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Low-Cost Academic Integrity Safeguards

The credibility of the modified emporium model relies on the ability of colleges to maintain academic integrity safeguards. Faculty skeptics often discredit the self-paced model as an opportunity for students to cheat on class assignments and final assessments; however, we uncovered several low-cost academic integrity safeguards that solicit faculty buy-in for developmental math emporiums.

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Behind-the-Scenes Software Demonstration

Engaging Math Faculty in Critical Decision for Math Emporium

Implementing the emporium model requires faculty input starting in the initial planning stage. Since developmental math faculty use the emporium software platform every day, they are often included in the software selection process. Faculty meet to discuss their needs in a software platform, see behind-the-scenes demonstrations, and ultimately take part in the final selection. The diagram below outlines how faculty involvement in software selection is integrated in the first six months of emporium implementation.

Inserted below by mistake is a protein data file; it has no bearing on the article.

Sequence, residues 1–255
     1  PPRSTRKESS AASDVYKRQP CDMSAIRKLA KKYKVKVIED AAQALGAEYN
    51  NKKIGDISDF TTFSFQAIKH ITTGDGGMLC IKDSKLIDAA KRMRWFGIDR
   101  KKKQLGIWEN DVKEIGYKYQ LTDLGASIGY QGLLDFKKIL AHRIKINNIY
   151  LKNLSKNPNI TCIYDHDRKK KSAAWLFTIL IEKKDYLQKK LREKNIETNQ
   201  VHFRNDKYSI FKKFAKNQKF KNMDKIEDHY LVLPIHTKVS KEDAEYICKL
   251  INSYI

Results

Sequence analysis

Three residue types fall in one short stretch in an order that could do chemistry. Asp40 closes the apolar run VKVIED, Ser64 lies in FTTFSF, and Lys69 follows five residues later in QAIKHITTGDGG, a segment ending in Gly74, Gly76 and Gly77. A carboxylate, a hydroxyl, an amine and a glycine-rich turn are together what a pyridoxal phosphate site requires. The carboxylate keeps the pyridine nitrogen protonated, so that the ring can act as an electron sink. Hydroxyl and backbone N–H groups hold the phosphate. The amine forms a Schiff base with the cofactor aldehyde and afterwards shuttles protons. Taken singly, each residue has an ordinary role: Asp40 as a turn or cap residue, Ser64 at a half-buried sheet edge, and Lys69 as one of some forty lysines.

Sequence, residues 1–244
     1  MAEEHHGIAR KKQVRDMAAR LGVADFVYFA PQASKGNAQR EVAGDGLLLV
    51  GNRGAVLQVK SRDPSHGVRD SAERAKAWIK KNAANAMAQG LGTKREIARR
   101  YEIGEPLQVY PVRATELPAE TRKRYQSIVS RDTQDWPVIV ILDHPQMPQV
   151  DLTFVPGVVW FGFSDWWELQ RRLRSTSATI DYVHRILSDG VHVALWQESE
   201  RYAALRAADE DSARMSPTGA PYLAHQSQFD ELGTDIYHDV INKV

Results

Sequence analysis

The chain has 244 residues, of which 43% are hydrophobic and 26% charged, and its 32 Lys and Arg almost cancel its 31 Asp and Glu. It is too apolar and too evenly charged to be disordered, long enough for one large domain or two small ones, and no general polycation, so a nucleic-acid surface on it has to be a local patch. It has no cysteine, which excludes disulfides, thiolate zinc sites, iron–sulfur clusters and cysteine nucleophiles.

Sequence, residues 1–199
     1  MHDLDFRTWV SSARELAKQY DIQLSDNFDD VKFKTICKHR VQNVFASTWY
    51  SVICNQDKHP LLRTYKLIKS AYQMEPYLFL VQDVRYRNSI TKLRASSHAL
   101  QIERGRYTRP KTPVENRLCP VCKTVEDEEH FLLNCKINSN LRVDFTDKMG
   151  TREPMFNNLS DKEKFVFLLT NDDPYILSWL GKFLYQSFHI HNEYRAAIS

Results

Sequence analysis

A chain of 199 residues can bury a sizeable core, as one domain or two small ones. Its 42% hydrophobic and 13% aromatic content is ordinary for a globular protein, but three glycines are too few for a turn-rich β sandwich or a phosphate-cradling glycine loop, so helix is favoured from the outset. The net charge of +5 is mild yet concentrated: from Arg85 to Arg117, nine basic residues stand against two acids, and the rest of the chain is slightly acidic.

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Instant-Access Multimedia Training

Supporting Emporium Instructors with Quick-Win Resources

One instructor we interviewed drew the comparison between teaching in a math emporium for the first time and learning to swim. First-time swimmers learn by jumping in the water and making adjustments until they figure out how to swim. Similarly, instructors learn to teach in an emporium simply by teaching, recognizing where they need assistance, and seeking out help when necessary. Administrators can help faculty best by making support resources widely available. The training materials profiled below support faculty in their first years teaching in an emporium setting. All of the resources can be made fully available online.

Supplemental materials:

Download PDF Montgomery College Math Emporium 101 Manual
Download PDF Montgomery College Sample Lecture Scripts

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Publicizing Success at Sinclair Community College

Student Magazine Highlights Emporium Benefits, Urges Campus Acceptance

Faculty often worry that students will reject the modified math emporium in favor of the traditional lecture-drill model. To assuage these fears, administrators at Sinclair Community College charged a student journalism class with featuring the emporium pilot course for their next assignment. Students produced a high-quality magazine that included the history of the math redesign, early outcomes data, and student feedback from short interviews—nearly all overwhelmingly positive. Seeing this honest student feedback helped faculty understand the value of the emporium model and eventually become champions for its use at their institution.